The Impact of Information Culture on Patient Safety Outcomes
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ViittausJylhä V. Mikkonen S. Saranto K. Bates DW. (2017). The Impact of Information Culture on Patient Safety Outcomes. METHODS OF INFORMATION IN MEDICINE, 56, e30-e38. 10.3414/ME16-01-0075.
Background: An organization’s information culture and information management practices create conditions for processing patient information in hospitals. Information management incidents are failures that could lead to adverse events for the patient if they are not detected.
Objectives: To test a theoretical model that links information culture in acute care hospitals to information management incidents and patient safety outcomes.
Methods: Reason’s model for the stages of development of organizational accidents was applied. Study data were collected from a cross-sectional survey of 909 RNs who work in medical or surgical units at 32 acute care hospitals in Finland. Structural equation modeling was used to assess how well the hypothesized model fit the study data.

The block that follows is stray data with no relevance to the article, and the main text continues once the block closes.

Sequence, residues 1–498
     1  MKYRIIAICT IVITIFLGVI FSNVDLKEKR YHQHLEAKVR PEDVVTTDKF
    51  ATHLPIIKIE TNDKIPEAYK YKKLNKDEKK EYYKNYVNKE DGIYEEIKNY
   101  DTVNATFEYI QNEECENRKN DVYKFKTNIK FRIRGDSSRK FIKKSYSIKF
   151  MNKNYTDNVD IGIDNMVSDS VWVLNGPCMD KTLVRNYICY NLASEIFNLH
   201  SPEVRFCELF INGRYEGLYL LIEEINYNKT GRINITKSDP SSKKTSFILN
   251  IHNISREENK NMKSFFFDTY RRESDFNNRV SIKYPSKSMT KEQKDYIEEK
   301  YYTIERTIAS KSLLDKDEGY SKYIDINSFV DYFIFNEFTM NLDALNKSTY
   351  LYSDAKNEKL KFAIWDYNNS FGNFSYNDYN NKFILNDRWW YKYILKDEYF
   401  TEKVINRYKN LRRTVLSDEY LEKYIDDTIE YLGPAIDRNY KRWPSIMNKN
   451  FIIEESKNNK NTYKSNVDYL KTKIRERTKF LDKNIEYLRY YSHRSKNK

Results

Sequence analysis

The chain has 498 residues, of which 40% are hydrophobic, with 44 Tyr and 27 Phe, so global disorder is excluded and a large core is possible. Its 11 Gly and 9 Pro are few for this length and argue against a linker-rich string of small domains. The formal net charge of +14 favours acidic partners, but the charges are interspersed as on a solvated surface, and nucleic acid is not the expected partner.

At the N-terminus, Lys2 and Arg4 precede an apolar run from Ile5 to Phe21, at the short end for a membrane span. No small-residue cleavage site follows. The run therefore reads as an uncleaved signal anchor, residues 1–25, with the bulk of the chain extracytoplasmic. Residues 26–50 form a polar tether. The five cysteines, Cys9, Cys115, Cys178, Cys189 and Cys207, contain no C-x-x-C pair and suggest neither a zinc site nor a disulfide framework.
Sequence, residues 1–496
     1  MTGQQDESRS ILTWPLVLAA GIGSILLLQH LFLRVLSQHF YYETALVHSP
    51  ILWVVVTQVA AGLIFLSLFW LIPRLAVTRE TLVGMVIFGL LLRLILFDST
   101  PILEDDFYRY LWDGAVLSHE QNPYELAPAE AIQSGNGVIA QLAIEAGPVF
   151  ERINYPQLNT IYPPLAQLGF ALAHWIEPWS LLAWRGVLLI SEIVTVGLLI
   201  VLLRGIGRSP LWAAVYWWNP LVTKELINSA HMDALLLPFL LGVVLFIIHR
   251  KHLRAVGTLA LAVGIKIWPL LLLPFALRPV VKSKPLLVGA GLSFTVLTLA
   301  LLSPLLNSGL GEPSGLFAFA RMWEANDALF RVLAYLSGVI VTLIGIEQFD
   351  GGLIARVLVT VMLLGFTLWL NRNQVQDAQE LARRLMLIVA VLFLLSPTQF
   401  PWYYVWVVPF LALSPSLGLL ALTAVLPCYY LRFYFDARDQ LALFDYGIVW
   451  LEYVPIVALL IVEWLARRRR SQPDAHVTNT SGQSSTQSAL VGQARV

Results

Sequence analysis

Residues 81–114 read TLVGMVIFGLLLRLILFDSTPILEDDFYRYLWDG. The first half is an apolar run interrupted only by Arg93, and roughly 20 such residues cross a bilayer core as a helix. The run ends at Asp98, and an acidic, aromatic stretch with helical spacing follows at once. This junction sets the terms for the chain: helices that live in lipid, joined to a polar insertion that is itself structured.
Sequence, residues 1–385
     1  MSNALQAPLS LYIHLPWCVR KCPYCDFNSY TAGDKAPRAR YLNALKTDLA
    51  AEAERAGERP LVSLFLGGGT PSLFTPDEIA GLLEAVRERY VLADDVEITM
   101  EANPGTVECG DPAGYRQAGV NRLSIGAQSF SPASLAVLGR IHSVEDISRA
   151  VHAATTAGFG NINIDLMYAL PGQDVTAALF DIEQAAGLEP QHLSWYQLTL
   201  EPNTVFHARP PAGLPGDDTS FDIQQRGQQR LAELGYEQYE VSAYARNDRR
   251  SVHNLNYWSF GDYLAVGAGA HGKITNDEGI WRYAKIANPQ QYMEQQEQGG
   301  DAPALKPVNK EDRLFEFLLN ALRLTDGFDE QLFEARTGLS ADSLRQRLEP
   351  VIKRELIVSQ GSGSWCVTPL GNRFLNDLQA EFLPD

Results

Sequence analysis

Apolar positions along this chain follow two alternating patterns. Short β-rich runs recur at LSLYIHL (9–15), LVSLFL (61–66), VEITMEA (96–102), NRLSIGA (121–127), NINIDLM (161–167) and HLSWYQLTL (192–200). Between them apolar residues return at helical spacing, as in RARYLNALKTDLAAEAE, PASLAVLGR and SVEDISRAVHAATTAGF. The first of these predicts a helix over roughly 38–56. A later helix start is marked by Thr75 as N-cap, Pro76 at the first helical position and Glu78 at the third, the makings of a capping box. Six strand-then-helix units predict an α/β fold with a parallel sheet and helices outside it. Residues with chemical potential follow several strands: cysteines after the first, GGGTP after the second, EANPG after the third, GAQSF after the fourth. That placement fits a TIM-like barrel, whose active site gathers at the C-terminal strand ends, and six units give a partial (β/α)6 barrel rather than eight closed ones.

Results: Fit indices indicated a good fit for the model. In total, 18 of the 32 paths tested were statistically significant. Documentation errors had the strongest total effect on patient safety outcomes. Organizational guidance positively affected information availability and utilization of electronic patient records, whereas the latter had the strongest total effect on the reduction of information delays.
Conclusions: Patient safety outcomes are associated with information management incidents and information culture. Further, the dimensions of the information culture create work conditions that generate errors in hospitals.